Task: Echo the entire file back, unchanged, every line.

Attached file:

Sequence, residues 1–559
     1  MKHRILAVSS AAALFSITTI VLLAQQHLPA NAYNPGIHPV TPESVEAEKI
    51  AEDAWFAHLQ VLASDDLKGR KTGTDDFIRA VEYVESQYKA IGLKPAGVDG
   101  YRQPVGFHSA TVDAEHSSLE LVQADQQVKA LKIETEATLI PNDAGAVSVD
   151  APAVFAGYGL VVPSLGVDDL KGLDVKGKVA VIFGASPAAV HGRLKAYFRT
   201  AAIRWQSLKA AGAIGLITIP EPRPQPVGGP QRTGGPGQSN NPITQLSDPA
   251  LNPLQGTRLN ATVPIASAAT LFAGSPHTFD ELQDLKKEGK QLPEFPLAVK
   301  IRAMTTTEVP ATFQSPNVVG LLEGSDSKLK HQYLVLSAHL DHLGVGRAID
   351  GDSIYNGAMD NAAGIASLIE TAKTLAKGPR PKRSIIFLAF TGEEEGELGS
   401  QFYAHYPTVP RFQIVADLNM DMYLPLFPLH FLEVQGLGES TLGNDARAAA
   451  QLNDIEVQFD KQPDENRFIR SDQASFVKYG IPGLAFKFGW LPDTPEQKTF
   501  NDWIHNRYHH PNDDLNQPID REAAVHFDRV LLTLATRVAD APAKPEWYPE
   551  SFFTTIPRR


Sequence, residues 1–559
     1  MKHRILAVSS AAALFSITTI VLLAQQHLPA NAYNPGIHPV TPESVEAEKI
    51  AEDAWFAHLQ VLASDDLKGR KTGTDDFIRA VEYVESQYKA IGLKPAGVDG
   101  YRQPVGFHSA TVDAEHSSLE LVQADQQVKA LKIETEATLI PNDAGAVSVD
   151  APAVFAGYGL VVPSLGVDDL KGLDVKGKVA VIFGASPAAV HGRLKAYFRT
   201  AAIRWQSLKA AGAIGLITIP EPRPQPVGGP QRTGGPGQSN NPITQLSDPA
   251  LNPLQGTRLN ATVPIASAAT LFAGSPHTFD ELQDLKKEGK QLPEFPLAVK
   301  IRAMTTTEVP ATFQSPNVVG LLEGSDSKLK HQYLVLSAHL DHLGVGRAID
   351  GDSIYNGAMD NAAGIASLIE TAKTLAKGPR PKRSIIFLAF TGEEEGELGS
   401  QFYAHYPTVP RFQIVADLNM DMYLPLFPLH FLEVQGLGES TLGNDARAAA
   451  QLNDIEVQFD KQPDENRFIR SDQASFVKYG IPGLAFKFGW LPDTPEQKTF
   501  NDWIHNRYHH PNDDLNQPID REAAVHFDRV LLTLATRVAD APAKPEWYPE
   551  SFFTTIPRR